A seasoned hunter has a huge advantage in the deer woods. In deer hunting your opportunity for a shot might come at any instant with little or no warning. You often have to shoot quickly at an animal that is aware of your presence and is in the process or escaping, or might bolt at any moment. Often there is no time to find a rifle rest or use a rangefinder, you have a second to shoot, or the opportunity is lost.

Sheep hunting is entirely different and perfectly suited to a newbie who is a decent shot, but will probably need more time to prepare for the actual shot. If you watch videos and read about sheep hunting you will notice that rushed shots are a rarity. The most common shot set up in sheep hunting looks something like this: sheep are spotted and evaluated from a distance, hunters take their time hiking in closer, approaching the rams from above, hunters stay concealed and move to a spot that allows them to take their time setting up the shot, range finder readings are taken, individual target animal is discussed as is shot placement, a backpack or other rest is placed so that the hunter can shoot from prone. Then all that is left to do is take your time and squeeze the trigger.

I have limited sheep hunting experience, but I have guided my daughter deer hunting, caribou hunting and sheep hunting. We have seen a lot of legal deer but she has never taken a shot. The shot opportunities have been too demanding for an 11 year old girl. Hesitate for a split second and the opportunity is gone.

Caribou was easier as they are constantly moving around, but they live in the open and usually provide multiple shot opportunities. She dropped her first animal, a caribou bull, with a single shot at 200 yards. She was shooting prone. Except for the fact that it was 20 degrees below zero and the caribou was on the move, the shot was easy once he paused to look in our direction.

We didn’t get an opportunity on sheep last year, but if we had I feel confident that it would have most likely been a shot that I could have taken the time to coach her through, and she would have made the shot.

There is no need to add extra hurdles between you and your dream hunt. Do your research, send in your deposit, train hard, shoot a lot from common sheep shooting positions, follow your outfitter’s advice to a tee, then go on the hunt and have fun.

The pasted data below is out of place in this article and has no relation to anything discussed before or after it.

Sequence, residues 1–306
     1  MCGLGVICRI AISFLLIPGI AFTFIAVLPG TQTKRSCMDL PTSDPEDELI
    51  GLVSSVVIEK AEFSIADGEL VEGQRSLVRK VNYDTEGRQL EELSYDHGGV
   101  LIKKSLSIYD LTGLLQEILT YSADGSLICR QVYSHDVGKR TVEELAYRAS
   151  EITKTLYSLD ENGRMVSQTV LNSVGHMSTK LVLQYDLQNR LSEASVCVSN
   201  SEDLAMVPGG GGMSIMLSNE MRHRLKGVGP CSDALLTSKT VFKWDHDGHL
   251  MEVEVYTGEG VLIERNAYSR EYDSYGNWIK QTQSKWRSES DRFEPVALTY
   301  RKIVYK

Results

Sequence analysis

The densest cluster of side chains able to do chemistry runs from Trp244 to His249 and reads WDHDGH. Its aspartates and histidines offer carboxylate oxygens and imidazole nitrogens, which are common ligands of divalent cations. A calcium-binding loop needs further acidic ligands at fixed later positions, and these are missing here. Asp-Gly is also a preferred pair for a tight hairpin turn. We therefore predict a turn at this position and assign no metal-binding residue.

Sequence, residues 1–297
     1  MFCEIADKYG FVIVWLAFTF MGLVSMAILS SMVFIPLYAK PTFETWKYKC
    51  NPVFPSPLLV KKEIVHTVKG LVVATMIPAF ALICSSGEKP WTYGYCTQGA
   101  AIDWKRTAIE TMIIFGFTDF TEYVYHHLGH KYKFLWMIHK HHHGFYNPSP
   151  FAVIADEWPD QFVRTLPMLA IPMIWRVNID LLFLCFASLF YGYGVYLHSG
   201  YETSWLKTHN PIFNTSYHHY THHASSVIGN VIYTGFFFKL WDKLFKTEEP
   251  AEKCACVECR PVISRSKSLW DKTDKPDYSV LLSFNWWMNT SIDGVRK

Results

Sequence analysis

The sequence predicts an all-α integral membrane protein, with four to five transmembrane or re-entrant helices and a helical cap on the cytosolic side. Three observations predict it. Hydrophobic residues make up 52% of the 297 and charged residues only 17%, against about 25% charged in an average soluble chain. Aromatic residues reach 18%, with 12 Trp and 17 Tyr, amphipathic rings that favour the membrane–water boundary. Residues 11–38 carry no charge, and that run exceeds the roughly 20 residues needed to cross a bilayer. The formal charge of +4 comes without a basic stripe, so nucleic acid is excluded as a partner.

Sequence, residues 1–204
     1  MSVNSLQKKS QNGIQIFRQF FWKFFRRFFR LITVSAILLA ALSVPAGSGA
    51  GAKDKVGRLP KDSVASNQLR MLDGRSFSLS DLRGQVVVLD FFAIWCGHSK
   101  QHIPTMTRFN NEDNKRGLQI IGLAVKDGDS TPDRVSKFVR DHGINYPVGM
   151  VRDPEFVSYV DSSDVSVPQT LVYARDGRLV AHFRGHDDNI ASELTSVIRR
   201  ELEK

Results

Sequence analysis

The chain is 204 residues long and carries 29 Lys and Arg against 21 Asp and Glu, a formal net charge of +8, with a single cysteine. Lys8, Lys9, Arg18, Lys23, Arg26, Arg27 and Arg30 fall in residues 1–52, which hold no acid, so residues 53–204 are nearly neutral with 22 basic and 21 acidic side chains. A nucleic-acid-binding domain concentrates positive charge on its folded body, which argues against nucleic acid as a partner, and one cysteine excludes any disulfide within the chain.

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LonghairDontcare

Junior Member
Joined
Mar 20, 2022
Messages
11
There is nothing crazy about shotgunner wanting to get into sheep hunting. There are a lot of sheep hunters who don’t hunt any other big game. If you are only interested in sheep, then why should you hunt anything else?

You seem to question whether you should have some other big game hunting under your belt before you step onto the sheep mountains. I know that some other guys have recommended getting a deer or two before “stepping up” to the holy grail. I completely disagree.

Sheep hunting and most deer hunting have almost nothing in common. Readying yourself for a sheep hunt by hunting deer would be like hunting geese to prepare yourself for turkey hunting: other than using similar firearms to take animals that look somewhat similar, the hunts have almost nothing in common.

Sheep hunting is known as the toughest hunting, but the actual shooting of a sheep is far easier than deer or most other big game. So, in my estimation, sheep is a perfect first hunt for a guy who is prepared physically, and understands the physical effort that will be required.

A seasoned hunter has a huge advantage in the deer woods. In deer hunting your opportunity for a shot might come at any instant with little or no warning. You often have to shoot quickly at an animal that is aware of your presence and is in the process or escaping, or might bolt at any moment. Often there is no time to find a rifle rest or use a rangefinder, you have a second to shoot, or the opportunity is lost.